Top of the class!

USA captain April Heinrichs (R) receiving the USA's 1st place diploma from FIFA President João Havelange (L) after winning the inaugural FIFA Women's World Cup in 1991. © Phil Stephens Photography/FIFA Museum
USA captain April Heinrichs (R) receiving the USA's 1st place diploma from FIFA President João Havelange (L) after winning the inaugural FIFA Women's World Cup in 1991. © Phil Stephens Photography/FIFA Museum

At the 1908 Olympic Games football tournament in London, the winners received a diploma to honour their success. It was the start of a tradition that persists to this day in the FIFA World Cup.

The protocol for the teams playing in the Final of the FIFA World Cup is well established. At the end of the match, the squad of the losing team are presented with their runners-up medals first, followed by members of the victorious squad who receive their winner’s medals. The captain of the winning team is then presented with the trophy. For many years, the world champions then left for home with the trophy and returned it to FIFA just before the following tournament.

Olympic Champion 1908: Great Britain.
Olympic Champion 1908: Great Britain. Back row from left to right: Arthur Kinnaird (FA), "Kenny" Hunt, Walter Corbett, Herbert Smith, Horace Bailey, "Fred" Chapman, "Bobby" Hawkes, F. Davies (FA). Front row from left to right: Arthur Berry, "Harry" Stapley, Vivian Woodward, Claude Purnell, Harold Hardman (All rights reserved)

Now, however, FIFA takes back possession of the FIFA World Cup Trophy just before the winners depart for home and presents the team instead with the FIFA World Cup Winner’s Trophy – which the team keeps forever. The FIFA World Cup Trophy itself is then brought back to the FIFA Museum in Zurich, where it goes back on display until the next finals.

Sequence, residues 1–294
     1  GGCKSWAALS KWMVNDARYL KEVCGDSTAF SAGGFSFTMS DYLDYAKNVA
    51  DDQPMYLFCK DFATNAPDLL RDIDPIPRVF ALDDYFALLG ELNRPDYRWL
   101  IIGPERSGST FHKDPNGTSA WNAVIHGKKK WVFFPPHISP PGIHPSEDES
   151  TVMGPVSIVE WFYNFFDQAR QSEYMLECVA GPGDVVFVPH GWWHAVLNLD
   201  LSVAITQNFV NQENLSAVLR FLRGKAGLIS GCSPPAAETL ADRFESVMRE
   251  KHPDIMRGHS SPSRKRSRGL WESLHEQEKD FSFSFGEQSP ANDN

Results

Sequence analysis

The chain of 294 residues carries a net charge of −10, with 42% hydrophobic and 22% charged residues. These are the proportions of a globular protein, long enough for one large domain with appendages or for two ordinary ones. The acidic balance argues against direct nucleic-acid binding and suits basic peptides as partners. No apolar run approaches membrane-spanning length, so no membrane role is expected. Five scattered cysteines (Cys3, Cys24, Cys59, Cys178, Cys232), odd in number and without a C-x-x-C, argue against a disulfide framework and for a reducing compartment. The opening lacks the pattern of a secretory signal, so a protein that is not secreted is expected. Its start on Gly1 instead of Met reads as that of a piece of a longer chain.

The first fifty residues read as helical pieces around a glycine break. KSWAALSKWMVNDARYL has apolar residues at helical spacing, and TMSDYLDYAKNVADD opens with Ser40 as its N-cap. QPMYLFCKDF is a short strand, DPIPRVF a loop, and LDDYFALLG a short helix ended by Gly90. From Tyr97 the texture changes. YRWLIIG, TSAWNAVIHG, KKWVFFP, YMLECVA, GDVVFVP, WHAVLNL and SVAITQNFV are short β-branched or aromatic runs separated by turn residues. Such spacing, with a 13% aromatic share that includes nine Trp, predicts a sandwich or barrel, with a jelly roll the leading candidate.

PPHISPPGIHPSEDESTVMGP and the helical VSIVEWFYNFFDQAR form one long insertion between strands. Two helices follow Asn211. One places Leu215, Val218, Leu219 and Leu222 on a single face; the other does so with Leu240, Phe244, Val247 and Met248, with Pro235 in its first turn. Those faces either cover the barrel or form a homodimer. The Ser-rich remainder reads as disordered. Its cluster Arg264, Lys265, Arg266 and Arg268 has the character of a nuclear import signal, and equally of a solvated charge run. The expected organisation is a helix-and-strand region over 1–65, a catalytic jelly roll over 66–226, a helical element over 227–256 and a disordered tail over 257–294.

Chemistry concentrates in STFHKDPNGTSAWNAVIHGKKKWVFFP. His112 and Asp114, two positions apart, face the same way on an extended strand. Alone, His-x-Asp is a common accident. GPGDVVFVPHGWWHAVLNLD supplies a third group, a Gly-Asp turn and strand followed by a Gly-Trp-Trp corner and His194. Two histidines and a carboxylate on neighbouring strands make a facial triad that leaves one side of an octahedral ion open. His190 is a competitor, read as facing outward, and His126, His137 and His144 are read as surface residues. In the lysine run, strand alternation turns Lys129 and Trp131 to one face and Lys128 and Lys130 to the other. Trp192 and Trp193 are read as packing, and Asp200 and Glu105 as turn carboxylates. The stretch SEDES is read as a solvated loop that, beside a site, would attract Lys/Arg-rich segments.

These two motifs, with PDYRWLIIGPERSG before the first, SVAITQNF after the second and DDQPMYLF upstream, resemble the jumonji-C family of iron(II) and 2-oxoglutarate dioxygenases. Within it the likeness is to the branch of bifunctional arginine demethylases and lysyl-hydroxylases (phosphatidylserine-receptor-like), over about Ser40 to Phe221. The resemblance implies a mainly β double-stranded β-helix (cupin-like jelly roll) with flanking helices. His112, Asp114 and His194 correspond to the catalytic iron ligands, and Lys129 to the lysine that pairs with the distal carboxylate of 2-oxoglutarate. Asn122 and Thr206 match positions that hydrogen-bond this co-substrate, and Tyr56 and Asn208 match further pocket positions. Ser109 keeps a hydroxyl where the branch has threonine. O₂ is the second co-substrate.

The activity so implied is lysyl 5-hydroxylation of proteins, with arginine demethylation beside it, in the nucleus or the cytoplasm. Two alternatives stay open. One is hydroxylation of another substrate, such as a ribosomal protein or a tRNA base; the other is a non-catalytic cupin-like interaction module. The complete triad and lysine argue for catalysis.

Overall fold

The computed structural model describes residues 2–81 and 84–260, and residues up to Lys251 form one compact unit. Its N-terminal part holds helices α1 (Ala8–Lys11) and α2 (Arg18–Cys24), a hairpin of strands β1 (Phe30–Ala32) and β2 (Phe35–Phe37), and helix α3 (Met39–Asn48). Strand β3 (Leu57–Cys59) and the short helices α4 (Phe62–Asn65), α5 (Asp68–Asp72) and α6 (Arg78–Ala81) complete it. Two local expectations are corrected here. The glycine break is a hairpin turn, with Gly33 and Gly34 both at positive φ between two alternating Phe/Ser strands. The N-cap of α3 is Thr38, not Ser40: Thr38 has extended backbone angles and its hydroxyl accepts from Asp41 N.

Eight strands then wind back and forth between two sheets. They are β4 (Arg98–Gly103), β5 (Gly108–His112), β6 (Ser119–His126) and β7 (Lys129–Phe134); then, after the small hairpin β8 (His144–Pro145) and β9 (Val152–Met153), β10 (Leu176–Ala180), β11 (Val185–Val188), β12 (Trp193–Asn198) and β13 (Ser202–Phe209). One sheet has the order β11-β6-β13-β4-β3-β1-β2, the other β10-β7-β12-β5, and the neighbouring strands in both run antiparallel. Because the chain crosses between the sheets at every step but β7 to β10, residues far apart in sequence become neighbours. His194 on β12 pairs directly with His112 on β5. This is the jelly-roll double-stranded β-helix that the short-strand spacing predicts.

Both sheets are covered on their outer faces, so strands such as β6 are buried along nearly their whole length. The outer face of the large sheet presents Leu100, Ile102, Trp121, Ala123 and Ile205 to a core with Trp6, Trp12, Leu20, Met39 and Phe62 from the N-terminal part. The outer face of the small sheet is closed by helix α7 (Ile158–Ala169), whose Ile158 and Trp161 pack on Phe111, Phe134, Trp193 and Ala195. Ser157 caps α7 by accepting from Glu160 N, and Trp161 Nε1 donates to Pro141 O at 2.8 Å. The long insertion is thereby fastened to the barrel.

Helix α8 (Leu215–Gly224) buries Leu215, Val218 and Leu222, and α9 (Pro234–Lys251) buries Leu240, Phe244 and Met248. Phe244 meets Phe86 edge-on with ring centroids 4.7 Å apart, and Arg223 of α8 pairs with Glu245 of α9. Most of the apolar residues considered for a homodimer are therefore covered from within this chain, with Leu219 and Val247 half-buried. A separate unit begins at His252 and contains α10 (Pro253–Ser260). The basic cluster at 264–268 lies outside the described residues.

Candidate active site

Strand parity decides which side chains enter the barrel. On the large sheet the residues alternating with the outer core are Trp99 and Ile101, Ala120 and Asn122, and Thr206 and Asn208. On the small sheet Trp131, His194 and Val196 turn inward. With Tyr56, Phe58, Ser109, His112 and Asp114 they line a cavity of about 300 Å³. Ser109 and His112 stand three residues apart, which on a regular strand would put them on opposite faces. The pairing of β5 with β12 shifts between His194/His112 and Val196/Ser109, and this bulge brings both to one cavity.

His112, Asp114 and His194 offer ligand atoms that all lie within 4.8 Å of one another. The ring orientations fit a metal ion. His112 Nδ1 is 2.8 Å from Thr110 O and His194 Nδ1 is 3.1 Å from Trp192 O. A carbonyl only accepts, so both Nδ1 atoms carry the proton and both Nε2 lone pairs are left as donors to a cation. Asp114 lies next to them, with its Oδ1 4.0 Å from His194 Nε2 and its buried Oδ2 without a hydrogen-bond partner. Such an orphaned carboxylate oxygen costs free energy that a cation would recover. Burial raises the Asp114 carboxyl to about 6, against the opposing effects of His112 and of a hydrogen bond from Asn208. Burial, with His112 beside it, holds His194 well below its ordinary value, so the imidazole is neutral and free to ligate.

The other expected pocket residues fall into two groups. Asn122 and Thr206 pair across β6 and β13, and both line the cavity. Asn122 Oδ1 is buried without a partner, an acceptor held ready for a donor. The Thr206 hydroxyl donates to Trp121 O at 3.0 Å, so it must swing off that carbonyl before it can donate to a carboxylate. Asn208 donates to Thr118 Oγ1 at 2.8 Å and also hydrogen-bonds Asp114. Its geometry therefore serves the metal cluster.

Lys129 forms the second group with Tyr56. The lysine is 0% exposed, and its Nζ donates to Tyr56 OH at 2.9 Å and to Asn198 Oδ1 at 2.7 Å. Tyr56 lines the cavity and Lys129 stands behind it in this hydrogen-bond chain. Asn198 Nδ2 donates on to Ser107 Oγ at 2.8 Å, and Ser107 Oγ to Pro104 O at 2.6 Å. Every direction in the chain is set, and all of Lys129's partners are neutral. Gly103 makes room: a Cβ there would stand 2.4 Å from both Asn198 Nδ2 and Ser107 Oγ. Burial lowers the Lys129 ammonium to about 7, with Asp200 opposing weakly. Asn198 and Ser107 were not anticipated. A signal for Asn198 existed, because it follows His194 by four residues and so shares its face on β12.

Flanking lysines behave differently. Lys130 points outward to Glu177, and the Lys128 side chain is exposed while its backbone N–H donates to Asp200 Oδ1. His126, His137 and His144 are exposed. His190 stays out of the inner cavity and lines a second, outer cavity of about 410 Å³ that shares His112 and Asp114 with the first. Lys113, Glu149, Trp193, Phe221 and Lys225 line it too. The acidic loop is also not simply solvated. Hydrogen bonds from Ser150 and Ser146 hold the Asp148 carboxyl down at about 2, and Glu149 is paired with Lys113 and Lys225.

But that’s not where the protocol ends. It is a little-known fact that the teams finishing in first, second and third place respectively also receive a diploma from FIFA to mark their achievement. There is almost no publicity surrounding these diplomas, but they can trace their origins back to the first official international football tournament staged 113 years ago.

The champions' diploma awarded to the British footballers by the president of the British Olympic Council. (All rights reserved)
The champions' diploma awarded to the British footballers by the president of the British Olympic Council. (All rights reserved)

Association football first appeared in the Olympics as an official sport at the 1908 Games in London. The FIFA Museum is not aware of any medals to have surfaced from that tournament. It is not even certain that medals were given out at all for the winter team sports of association football, hockey and rugby, the tournaments for which were staged four months after the main summer games. But what does survive is a photograph of the diploma for the winners of the football tournament, which was presented to The Football Association in London.

The regulations for the first five World Cups contain no mention of diplomas, but the tradition was revived in 1958 and diplomas have been given to the top three teams at every World Cup since. In the FIFA Museum collection, we have a donation from the Dutch Football Association of their diplomas from the 1974 and 1978 World Cups, but when the Heritage team was looking through the FIFA archives in preparation for opening the FIFA Museum, it made a very surprising discovery….

Diploma prepared for the possibility of West Germany winning the 1966 World Cup. © FIFA Museum
Diploma prepared for the possibility of West Germany winning the 1966 World Cup. © FIFA Museum

In a large leather case, the team discovered a number of unused diplomas. The first diploma we encountered was from 1966 and said “Winners – West Germany”. Was this revenge on the part of the Germans for the so-called “Wembley goal?” In fact, the case was full of historical curiosities. Apparently, Italy won the 1970 World Cup; Brazil finished as runners-up in 1958, while Argentina were the winners in 1990! A bit of fun perhaps, but it did illustrate that FIFA came to the World Cup Final fully prepared for every eventuality.

All the FIFA President and the Secretary General had to do was sign the correct one!